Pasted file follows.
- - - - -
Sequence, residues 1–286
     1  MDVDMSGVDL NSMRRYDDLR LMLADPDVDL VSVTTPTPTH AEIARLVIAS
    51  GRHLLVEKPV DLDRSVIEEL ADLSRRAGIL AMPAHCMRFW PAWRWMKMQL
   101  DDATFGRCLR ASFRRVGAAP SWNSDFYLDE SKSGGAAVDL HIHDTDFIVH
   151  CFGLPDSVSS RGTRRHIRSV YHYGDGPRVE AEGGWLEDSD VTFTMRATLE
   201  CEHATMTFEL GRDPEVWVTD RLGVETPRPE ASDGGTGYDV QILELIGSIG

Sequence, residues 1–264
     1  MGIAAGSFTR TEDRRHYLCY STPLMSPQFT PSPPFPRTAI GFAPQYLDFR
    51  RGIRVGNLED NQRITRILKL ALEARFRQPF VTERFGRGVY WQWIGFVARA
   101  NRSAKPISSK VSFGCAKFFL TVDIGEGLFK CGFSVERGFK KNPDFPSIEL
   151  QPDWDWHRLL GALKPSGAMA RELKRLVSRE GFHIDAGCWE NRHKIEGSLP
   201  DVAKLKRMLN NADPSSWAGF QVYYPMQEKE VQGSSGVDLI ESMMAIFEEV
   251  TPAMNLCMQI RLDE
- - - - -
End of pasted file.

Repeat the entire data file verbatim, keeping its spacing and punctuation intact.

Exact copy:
Sequence, residues 1–286
     1  MDVDMSGVDL NSMRRYDDLR LMLADPDVDL VSVTTPTPTH AEIARLVIAS
    51  GRHLLVEKPV DLDRSVIEEL ADLSRRAGIL AMPAHCMRFW PAWRWMKMQL
   101  DDATFGRCLR ASFRRVGAAP SWNSDFYLDE SKSGGAAVDL HIHDTDFIVH
   151  CFGLPDSVSS RGTRRHIRSV YHYGDGPRVE AEGGWLEDSD VTFTMRATLE
   201  CEHATMTFEL GRDPEVWVTD RLGVETPRPE ASDGGTGYDV QILELIGSIG

Sequence, residues 1–264
     1  MGIAAGSFTR TEDRRHYLCY STPLMSPQFT PSPPFPRTAI GFAPQYLDFR
    51  RGIRVGNLED NQRITRILKL ALEARFRQPF VTERFGRGVY WQWIGFVARA
   101  NRSAKPISSK VSFGCAKFFL TVDIGEGLFK CGFSVERGFK KNPDFPSIEL
   151  QPDWDWHRLL GALKPSGAMA RELKRLVSRE GFHIDAGCWE NRHKIEGSLP
   201  DVAKLKRMLN NADPSSWAGF QVYYPMQEKE VQGSSGVDLI ESMMAIFEEV
   251  TPAMNLCMQI RLDE